Focusing on our mental and physical health is absolutely critical to a successful, fulfilling career as a developer. It would be tough-talking through fitness, nutrition, and mental health in one section, so I give some very basic recommendations here.
Being in better physical health doesn’t require bodybuilding routines and bodybuilder diets. It can be as simple as taking a walk each day or stretching and moving during breaks.
There is a multitude of options around exercising, from personal training, gyms with classes, peloton workouts, and weight lifting. I get it, doing something new like this if you never have can be hard. Take it one step at a time and I promise you that those dopamine rushes will change your life!
Exercising takes energy, but it energizes you. You feel better, you have more confidence, and you develop more grit.
Simone Biles during the Olympics showed us all the true courage it takes to truly put your mental health first. If she can demonstrate this on the world stage, we as developers can definitely do so in our careers! For some steps on how to do so, check out 6 Ways To Maintain Good Mental Health as a Software Engineer!
Mental health is essential for productive and quality development work and it has been something I’ve had to constantly work on prioritizing.
Health is one part of life we all take for granted, and by putting it first, we can continue in good cheer!
5. Stop learning
In the web dev world, technologies never stop advancing.
New libraries are released and eventually take over in popularity (I’m talking about you React in 2013) or libraries continually evolve as new versions are released (I’m still talking about you React version 18).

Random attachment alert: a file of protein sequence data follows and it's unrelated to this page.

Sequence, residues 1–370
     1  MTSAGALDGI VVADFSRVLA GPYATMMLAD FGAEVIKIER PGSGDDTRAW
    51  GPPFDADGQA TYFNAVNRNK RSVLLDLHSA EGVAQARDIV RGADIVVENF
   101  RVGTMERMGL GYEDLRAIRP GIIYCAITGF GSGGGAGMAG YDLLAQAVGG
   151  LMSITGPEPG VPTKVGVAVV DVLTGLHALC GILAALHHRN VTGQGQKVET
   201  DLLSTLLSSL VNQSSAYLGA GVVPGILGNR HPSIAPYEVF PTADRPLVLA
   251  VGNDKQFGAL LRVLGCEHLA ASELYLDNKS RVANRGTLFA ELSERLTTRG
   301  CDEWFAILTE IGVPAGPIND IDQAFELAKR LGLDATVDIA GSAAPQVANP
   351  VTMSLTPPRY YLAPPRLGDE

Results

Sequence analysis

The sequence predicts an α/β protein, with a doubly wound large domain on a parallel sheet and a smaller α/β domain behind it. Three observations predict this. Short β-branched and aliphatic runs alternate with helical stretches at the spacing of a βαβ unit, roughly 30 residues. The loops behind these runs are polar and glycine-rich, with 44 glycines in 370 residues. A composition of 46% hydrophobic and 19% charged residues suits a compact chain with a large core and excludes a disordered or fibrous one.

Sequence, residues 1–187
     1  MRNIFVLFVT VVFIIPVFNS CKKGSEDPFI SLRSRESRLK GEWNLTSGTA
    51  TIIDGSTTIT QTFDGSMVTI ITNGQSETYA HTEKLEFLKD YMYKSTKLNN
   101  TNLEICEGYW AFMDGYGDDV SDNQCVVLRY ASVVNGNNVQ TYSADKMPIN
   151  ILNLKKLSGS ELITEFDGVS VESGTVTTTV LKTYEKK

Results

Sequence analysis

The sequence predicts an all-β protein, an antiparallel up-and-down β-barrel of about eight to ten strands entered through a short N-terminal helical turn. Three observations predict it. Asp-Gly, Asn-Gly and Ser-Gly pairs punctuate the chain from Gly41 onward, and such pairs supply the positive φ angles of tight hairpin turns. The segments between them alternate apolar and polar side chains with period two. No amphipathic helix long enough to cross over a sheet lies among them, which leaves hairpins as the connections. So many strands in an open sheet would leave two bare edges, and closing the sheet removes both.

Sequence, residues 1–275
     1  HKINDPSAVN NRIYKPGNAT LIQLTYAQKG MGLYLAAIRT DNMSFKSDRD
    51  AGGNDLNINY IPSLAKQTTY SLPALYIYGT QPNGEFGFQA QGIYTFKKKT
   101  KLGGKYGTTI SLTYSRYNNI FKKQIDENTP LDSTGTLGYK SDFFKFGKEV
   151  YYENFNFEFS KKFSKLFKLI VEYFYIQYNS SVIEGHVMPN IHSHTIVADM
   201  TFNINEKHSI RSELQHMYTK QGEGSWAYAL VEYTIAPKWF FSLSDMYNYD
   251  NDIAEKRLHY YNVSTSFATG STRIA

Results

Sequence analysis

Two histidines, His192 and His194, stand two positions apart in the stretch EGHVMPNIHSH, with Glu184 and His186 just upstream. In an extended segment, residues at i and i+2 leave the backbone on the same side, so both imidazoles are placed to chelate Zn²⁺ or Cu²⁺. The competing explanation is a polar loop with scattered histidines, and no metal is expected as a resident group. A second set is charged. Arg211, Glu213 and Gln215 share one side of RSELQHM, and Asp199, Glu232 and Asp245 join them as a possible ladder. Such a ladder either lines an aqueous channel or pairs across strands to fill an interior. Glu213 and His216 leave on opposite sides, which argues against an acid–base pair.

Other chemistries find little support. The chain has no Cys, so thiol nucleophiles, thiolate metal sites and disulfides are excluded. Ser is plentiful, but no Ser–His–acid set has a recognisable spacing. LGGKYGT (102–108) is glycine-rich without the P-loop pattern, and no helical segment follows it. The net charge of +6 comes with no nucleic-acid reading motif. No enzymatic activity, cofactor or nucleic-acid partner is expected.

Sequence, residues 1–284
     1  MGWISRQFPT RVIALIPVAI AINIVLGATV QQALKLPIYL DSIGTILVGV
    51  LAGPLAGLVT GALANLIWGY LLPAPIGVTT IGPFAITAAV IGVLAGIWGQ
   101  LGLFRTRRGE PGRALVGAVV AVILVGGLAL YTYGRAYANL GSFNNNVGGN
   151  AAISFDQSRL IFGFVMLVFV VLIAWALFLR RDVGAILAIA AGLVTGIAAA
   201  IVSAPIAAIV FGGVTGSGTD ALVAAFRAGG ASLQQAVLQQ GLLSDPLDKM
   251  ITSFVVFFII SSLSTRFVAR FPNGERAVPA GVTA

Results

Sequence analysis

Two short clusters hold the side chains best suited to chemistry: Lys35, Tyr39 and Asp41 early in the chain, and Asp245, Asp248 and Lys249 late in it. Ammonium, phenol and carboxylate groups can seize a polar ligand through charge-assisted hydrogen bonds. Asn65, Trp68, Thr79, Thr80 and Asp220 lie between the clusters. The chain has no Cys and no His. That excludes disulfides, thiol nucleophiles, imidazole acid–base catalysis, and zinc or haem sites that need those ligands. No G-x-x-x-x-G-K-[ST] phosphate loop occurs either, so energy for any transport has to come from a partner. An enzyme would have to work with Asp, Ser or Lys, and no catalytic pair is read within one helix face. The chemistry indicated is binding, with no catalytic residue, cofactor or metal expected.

Keeping up with these changes is a big part of our job as developers. Schedule time for doing just that, whether by completing tutorials, reading curated newsletters, or checking out top company engineering blogs. It’s a must that we continue evolving our skills.
Professional development contributes to business value as well. We can do so in two ways: one we improve the codebases we maintain and we build relationships with others by talking through these best practices across the organizations.
Developers love their careers because they’re constantly evolving with new challenges, new tech, and new growth. We are business problem solvers, technology happens to be our tool, and keeping up with it is an ongoing part of our job!
It’s best to avoid detrimental mistakes in our lives and in our careers. Charlie Munger mentions this in one of his speeches of life advice, using the inversion mental model to learn which mistakes to avoid.
When thinking about our career long-term, we typically ask something such as: “What are the best ways I can advance my career?”
With inversion we can also flip that and learn what to avoid:
“What are the things that would be the most detrimental to our career?” Once answered, we avoid them like the plague!
The 5 mistakes mentioned above are common answers I believe are worth avoiding, and I hope you can take something away from each that makes your career easier!